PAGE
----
From the Deck of Prospector 19 October 2015 0630Z
A Busy and Productive Overnight
It is a beautiful morning on the Tyrrhenian Sea. We are abeam of
Palermo and well on our way to Capo St. Vito, which is 40 miles ahead.
We have covered 84 miles of the leg from Strombolio to Capo St. Vito
since our last post.
It was a busy and productive overnight. We began the leg in a 10 not
easterly with the A2 up sailing just north of the rhumb line at 9-10
knots boat speed. As some of us settled down to sleep, the on watch
was kept busy as we progressed through a variety of wind conditions,
each prompting a change in headsail. First we put up the spinnaker
staysail to add a little horsepower. A short while later the wind shifted
right and built a bit, so down came the A2 and SS and up went our
fractional code zeroor FRO. As the wind continued to veer right and
drop so we took down the FRO and put up a J1, our light air job. At
about 4am local, as the watches were changing the wind had built to
13-15 knots out of the southwest. Overpowered in these conditions we
downshifted changing headsail to our J2. At 6am, with the wind having
backed and dropped below 10 knots, we changed headsails again
striking the J2 and hoisting the J1.
For those of you keeping score at home that is A2 to A2/SS to J1 to J2 to
J1. Four headsail changes in 7 hours. Just before settling down for the
night we had talked through the wind forecast so we were ready for the
progression of changes in wind speeds and directions. But, being ready
is one thing. Shifting gears like that on a dark, nearly moonless night, is
another. The high spirited and amazingly talented Prospector crew
pulled off each change flawlessly. As each sail went up the next sail we
thought we would need was readied on deck. As each sail came down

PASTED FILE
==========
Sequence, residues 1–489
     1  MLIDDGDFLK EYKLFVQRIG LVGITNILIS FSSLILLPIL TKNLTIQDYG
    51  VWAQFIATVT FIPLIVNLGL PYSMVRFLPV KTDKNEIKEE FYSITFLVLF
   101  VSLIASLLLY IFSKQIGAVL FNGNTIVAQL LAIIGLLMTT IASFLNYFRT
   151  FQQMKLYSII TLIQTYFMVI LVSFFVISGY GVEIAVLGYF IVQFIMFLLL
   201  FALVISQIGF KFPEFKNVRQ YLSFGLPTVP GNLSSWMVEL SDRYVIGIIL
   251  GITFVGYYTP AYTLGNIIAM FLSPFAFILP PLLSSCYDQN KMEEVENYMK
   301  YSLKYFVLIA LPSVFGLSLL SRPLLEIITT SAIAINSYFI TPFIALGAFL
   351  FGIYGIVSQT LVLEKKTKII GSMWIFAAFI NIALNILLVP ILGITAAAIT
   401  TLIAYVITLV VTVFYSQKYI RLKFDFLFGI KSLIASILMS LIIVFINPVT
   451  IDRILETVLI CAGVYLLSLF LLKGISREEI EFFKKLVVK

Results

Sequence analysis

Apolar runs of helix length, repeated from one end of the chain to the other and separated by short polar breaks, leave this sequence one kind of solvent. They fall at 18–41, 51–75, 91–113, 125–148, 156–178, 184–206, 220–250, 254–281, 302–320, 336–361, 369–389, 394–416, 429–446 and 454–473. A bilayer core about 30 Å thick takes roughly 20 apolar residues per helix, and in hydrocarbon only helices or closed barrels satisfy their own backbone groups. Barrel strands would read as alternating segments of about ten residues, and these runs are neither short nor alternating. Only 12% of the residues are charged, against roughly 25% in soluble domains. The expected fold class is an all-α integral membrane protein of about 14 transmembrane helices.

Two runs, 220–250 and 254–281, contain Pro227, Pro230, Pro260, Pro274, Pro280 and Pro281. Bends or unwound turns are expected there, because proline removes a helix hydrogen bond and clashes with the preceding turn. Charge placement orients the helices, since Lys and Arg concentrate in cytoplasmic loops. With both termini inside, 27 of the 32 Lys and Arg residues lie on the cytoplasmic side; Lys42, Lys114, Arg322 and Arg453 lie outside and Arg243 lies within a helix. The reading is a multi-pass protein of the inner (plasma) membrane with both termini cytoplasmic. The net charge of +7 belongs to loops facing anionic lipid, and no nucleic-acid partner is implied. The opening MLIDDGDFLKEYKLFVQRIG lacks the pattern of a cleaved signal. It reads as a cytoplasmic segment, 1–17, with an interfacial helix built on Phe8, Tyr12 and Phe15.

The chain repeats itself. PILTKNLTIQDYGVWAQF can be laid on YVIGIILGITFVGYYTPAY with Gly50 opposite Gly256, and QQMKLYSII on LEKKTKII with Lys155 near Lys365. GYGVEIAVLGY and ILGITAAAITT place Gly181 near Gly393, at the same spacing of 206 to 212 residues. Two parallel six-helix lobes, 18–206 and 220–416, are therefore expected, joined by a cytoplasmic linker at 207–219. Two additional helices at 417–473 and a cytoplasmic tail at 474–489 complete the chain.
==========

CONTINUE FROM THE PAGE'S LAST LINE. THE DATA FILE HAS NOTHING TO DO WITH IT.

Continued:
it was flaked or packed and bagged, ready to go again if necessary. It all
sounds simple in theory. In practice it is anything but. Particularly
when the wind builds and Prospector gets wicked up making just
moving around a major endeavor. Kudos to our watch captains, Paul
and Tim and our bow men Matt and Stuart, for a flawless performance.
All that work paid off. We deliberately stayed a bit further north of the
rhumb line than our gang of eight, thinking there would be a bit more
wind further offshore. That turned out to be a good decision. Added
together with the stellar crew work we reeled the gang of 8 back in.
They have been going slower in lighter air trying to work down to our
line throughout the early morning hours. We have halved their leads
over us. We have also legged out on the smaller boats behind us,
benefiting from stronger winds and our longer waterline. We are now
4th in class and 11th in fleet. Big steps in the right direction.
We are just getting out of what we hope will be the last patch of light
air for the race. As we reach the northwest corner of Sicily and turn
southeast to Pantellaria we expect the wind to build into the high
teens/low twenties. Prospector conditions. Hopefully we can keep
moving up the leaderboards.
Hot late news flash. While this blog was being written and the crew
finished up their favorite breakfast, freeze dried breakfast skillet a la
Colette, enjoyed on deck in the bright morning sun we got latest sked
and learned we are now 4th in both IRC2 and IRC overall. We still have
just over half the race to go, so it is way too early to get too excited
about a result. But it still feels pretty good.